Skip to main content


Quality of life in children with familial Mediterranean fever

Article metrics

  • 360 Accesses


Familial Mediterranean fever (FMF) is a lifelong disorder, characterized by self-limited and recurrent attacks of fever and polyserositis. It is known that many chronic diseases have a negative effect on quality of life (QoL) multidimensionally. In our study, we aimed to assess the quality of life and psychological factors (anxiety and depression) in children with FMF.


A prospective cross-sectional study was conducted between September 2013 and September 2014. A total of 70 consecutive children with FMF who were diagnosed according to the Tel-Hashomer and Yalçınkaya criteria during the attack free period and 70 healthy children who were matched in terms of age and sex were enrolled. The Pediatric Quality of Life Inventory 4.0 (PedsQLTM 4.0), Child Depression Inventory (CDI) and Screen for Child Anxiety and Related Disorders (SCARED) were used for the psychosocial assessment.


Mean age of the patients (27 girls and 43 boys) was 11±3 years. The physical health, psychosocial health and total summary scores of the children with FMF were significantly lower than healthy children. In terms of sub dimension of psychosocial health, in the children with FMF, emotional functioning and school functioning domains’ scores were significantly lower than healthy children. Depression and anxiety scores were higher in the children with FMF than in healthy children.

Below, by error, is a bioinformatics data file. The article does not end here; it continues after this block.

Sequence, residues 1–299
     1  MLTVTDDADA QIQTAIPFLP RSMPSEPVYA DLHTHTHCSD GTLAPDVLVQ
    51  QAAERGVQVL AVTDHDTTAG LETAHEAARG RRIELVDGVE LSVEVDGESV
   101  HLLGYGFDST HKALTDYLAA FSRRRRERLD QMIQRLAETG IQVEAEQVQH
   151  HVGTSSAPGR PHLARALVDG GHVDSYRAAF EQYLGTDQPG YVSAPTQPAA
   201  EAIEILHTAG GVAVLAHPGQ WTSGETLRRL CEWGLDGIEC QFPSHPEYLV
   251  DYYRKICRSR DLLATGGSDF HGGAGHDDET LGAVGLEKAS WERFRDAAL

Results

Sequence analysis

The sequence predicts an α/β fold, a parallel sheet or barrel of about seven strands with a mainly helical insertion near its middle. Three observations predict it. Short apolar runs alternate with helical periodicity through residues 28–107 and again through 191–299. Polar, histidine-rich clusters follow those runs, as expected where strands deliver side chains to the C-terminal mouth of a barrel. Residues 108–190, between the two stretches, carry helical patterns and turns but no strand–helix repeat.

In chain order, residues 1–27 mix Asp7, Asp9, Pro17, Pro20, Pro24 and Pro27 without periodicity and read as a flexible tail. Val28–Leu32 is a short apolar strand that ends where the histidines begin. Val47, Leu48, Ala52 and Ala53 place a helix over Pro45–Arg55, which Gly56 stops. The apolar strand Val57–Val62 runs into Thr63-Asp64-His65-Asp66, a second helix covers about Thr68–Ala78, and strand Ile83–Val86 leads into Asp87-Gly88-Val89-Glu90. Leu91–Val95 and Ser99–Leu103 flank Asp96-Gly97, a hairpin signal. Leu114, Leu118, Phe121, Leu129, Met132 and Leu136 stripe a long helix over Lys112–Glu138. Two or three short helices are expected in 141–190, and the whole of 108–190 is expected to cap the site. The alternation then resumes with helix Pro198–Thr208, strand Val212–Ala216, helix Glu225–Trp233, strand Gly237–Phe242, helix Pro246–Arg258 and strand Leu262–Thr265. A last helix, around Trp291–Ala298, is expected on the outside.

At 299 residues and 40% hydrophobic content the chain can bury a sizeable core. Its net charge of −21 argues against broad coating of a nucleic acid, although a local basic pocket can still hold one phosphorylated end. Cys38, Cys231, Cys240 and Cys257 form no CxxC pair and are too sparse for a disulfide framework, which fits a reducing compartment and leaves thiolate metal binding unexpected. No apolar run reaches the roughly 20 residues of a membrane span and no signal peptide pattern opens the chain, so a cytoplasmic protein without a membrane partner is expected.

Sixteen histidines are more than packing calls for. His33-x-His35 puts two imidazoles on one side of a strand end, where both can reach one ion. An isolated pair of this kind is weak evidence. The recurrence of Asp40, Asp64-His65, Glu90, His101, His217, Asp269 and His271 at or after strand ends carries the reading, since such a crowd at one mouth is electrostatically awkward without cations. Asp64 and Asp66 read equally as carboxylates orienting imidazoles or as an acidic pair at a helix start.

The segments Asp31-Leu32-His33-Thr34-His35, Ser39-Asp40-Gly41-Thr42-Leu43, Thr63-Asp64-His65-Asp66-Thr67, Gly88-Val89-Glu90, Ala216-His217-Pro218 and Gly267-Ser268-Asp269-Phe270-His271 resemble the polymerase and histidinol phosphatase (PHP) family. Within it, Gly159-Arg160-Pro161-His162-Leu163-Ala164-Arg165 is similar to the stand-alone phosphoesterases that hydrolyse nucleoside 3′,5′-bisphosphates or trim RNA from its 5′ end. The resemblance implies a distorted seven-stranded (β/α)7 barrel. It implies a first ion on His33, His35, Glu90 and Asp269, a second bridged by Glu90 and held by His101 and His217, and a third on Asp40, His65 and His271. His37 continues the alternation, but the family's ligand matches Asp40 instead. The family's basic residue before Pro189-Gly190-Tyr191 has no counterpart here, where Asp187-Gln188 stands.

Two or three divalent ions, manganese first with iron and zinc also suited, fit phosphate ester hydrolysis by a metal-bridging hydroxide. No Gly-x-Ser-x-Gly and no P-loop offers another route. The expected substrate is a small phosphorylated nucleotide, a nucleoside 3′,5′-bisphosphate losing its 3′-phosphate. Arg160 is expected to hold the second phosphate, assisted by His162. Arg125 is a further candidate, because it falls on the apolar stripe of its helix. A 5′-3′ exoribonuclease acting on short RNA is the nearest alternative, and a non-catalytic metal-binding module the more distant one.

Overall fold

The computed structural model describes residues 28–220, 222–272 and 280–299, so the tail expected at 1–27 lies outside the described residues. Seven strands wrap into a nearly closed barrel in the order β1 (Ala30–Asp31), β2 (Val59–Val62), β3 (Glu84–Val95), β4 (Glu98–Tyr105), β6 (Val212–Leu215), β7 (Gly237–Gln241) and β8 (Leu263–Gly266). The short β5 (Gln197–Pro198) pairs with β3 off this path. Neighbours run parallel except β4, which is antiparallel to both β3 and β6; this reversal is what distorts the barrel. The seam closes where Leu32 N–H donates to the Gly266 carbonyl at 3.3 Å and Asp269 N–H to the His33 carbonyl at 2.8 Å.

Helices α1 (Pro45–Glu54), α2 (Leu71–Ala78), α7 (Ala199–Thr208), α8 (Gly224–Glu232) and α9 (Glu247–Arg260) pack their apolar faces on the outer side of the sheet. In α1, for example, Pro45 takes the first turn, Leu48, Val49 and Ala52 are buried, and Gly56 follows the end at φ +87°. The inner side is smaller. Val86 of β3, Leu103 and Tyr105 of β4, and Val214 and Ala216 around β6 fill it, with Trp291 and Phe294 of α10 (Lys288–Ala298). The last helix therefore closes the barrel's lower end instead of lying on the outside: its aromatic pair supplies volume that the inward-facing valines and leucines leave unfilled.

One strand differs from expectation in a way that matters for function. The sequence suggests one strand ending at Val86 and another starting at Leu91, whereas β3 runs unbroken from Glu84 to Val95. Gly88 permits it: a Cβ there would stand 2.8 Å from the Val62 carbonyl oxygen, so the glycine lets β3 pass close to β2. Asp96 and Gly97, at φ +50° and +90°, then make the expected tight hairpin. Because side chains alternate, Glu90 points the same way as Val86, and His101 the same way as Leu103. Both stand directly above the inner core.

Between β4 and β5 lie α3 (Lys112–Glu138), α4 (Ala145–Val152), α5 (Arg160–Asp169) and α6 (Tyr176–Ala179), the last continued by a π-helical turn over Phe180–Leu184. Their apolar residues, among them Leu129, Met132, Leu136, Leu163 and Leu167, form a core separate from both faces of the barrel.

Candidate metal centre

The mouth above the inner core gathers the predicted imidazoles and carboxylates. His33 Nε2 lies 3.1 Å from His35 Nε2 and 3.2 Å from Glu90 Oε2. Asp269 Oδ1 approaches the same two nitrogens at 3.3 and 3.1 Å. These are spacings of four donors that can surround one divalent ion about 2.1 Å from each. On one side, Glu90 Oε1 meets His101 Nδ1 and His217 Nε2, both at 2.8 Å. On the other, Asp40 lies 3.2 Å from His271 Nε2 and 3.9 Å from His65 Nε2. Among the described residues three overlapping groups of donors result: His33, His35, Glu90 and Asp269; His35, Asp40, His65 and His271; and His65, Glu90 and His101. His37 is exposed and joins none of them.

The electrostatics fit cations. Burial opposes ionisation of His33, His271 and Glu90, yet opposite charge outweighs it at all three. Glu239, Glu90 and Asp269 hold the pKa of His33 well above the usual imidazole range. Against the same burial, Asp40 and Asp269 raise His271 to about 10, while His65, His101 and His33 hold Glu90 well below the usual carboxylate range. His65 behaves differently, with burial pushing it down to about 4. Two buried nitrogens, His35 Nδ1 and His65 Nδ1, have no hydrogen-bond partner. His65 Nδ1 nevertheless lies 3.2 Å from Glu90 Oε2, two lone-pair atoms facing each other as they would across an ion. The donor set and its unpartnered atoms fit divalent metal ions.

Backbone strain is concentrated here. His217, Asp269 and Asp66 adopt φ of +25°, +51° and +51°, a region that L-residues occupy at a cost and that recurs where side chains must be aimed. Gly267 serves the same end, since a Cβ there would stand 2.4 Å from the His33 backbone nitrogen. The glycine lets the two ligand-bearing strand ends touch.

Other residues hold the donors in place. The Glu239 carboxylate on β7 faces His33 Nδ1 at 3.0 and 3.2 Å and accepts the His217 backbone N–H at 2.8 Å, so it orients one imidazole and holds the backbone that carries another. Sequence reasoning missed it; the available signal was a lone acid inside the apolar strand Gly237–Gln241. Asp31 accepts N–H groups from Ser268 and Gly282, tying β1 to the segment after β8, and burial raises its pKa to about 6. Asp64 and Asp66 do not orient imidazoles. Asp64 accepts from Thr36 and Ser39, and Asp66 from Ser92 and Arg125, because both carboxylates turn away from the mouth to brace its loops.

Table 1 Table 1


We found that the children with FMF have high level of depression and poorer QoL. FMF is a life-long disorder that has not only physical but also psychosocial impairments for the affected children. Therefore a biopsychosocial approach should be essential to treatment of the FMF.

Author information

Correspondence to E Karadağlı.

Rights and permissions

Reprints and Permissions

About this article

Verify currency and authenticity via CrossMark


  • Healthy Child
  • Familial Mediterranean Fever
  • Child Anxiety
  • Emotional Functioning
  • Psychosocial Health